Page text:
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Optimizing Supply Chain Metrics

Dec 24, 2007
Supply chain metrics are important for company executives to have a better understanding of how their company operates within a period of time. By regularly monitoring the critical areas in the supply chain, they can be assured of efficient performance.

A supply chain is defined as the network of units that obtain raw materials, units that transform these materials to intermediate goods and final products, and business units that bring the products to customers through a distribution system. The main objective of logistics or supply chain management is to obtain the right products at the right place in the right quantities at the right moment at minimum costs. Modern supply chains have become too complicated that managing them requires more than just intuition. Statistical data would have to be accessed, monitored and analyzed to ensure the efficient performance of the entire network.

In line with this, metrics have been set in place as the standard of measuring supply chain performance. These measurements allow managers to track the development of the network. In supply chain management, three key success factors have been identified namely, customer satisfaction, inventories, and flexibility. Customer satisfaction is an essential factor since satisfying customers is the ultimate goal of virtually all management strategy. Often, customer service is also discussed along with customer satisfaction as the former is identified to be the primary driver of the latter.

Some of the customer service measures that could potentially affect the supply chain are the ability to fill orders promptly and the ability to deliver products or services promptly as promised. Inventories are also identified as one of the key areas in the supply chain. For many companies, keeping inventories are expensive but necessary costs as they have to maintain separate raw products inventories (RPI), inventories for products that are used in production and finished goods inventories (FGI). Consequently, it is the objective of companies to keep their inventories at low levels.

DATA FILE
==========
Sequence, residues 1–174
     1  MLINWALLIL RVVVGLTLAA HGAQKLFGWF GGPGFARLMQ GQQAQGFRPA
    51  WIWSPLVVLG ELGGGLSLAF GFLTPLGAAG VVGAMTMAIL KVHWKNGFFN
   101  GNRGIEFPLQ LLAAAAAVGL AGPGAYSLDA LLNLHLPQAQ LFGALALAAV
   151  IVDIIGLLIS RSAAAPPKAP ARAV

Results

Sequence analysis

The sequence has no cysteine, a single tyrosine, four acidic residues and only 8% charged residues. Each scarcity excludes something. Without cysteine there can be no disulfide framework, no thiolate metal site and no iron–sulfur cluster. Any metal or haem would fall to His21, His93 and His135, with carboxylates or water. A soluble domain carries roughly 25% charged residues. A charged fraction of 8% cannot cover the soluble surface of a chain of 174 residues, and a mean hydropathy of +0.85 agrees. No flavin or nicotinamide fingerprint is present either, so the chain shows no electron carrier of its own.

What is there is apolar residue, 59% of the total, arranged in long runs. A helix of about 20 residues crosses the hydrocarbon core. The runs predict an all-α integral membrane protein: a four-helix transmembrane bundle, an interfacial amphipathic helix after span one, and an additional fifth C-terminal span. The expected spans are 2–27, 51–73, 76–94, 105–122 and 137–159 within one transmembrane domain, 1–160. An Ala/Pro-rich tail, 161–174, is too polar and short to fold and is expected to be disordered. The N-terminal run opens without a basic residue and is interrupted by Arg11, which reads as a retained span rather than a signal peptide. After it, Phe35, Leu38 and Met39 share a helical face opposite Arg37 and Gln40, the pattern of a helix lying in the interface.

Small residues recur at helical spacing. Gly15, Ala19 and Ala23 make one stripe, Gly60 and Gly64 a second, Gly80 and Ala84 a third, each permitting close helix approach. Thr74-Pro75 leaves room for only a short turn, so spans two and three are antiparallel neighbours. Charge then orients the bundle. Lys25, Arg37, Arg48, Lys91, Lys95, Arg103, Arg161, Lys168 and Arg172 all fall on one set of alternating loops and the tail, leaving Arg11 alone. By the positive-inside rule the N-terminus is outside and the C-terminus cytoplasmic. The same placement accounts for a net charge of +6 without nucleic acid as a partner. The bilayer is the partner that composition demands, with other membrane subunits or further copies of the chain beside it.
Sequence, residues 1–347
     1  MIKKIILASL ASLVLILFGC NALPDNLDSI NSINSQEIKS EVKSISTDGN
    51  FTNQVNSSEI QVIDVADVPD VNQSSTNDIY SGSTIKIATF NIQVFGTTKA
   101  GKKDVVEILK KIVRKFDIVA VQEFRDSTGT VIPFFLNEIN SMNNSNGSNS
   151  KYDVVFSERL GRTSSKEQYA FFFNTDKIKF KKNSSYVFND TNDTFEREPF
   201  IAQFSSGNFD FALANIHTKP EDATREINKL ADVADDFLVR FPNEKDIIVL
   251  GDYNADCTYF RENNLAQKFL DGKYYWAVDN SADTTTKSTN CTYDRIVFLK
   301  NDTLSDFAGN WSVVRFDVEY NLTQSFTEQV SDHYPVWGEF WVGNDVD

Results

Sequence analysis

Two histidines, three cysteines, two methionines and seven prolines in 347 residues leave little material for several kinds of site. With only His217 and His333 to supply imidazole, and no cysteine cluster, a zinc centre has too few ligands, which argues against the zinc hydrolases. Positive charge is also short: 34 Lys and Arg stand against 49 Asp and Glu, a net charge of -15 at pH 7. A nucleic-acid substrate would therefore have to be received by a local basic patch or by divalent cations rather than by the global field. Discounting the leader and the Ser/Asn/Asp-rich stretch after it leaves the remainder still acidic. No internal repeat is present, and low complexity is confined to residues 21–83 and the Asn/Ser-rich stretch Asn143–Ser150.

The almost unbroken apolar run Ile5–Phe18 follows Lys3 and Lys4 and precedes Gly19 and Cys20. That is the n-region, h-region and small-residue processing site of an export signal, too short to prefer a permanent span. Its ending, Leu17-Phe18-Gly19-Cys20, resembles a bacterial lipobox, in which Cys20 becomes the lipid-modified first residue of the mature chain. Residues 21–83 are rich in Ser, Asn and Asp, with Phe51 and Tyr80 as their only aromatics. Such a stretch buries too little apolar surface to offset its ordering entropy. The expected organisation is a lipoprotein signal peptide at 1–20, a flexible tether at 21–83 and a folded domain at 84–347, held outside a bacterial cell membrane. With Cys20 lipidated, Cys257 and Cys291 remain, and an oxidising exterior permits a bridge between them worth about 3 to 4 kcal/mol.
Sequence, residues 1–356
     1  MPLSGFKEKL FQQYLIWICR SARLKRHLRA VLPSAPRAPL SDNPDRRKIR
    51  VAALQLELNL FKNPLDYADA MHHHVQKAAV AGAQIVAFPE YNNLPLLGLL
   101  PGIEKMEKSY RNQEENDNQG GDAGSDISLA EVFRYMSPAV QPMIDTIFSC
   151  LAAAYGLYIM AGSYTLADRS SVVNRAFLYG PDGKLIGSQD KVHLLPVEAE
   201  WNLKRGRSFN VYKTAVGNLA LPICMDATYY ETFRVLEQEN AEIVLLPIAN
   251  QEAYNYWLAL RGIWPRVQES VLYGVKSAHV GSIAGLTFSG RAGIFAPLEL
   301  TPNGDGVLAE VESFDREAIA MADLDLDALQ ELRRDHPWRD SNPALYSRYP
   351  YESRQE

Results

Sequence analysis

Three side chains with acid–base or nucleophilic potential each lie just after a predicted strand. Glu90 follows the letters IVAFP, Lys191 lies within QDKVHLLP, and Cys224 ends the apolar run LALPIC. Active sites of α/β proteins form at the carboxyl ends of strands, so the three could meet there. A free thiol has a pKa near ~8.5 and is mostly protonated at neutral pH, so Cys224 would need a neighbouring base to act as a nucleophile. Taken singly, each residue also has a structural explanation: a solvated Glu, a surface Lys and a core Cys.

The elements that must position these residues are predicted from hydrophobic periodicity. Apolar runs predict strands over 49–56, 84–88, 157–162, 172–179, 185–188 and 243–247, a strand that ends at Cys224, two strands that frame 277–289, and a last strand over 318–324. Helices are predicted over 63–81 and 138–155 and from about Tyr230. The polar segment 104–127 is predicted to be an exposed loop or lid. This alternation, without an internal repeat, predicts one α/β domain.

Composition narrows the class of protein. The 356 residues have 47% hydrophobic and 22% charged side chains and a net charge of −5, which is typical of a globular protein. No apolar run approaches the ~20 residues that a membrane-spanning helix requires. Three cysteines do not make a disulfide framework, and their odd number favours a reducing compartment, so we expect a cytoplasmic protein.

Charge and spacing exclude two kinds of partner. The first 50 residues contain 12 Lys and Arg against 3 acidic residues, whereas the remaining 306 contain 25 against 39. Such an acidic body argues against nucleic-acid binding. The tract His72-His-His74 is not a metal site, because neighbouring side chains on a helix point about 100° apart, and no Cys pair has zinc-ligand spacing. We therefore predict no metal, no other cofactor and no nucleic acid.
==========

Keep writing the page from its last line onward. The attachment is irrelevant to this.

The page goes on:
Flexibility, meanwhile, is the ability of a company to respond to any change in the external environment that could affect company operations. For manufacturing companies, this reflects their ability to change output levels depending on the changes of customer demand on products and services. Among the three success factors, flexibility is hardest to assimilate because it is largely affected by lengthy lead times, unforeseen external events and uncertainties.

A critical aspect in measuring supply chain performance is the identification of relevant metrics. Modern application of supply chain management in companies saw the incorporation of balanced metrics in all functional areas of a supply chain to aid in decision-making. When choosing supply chain metrics for standardization, the following characteristics should be considered: reliability, accessibility, relevance, and validity. The chosen metric should be reliable that it can manifest a consistent result. Likewise, it should be accessible that it can be obtained by investing only reasonable effort and cost. Retrievable information from a metric should also be relevant to company stakeholders. Lastly, the metric should be valid that it can measure performance in terms of a particular business context.
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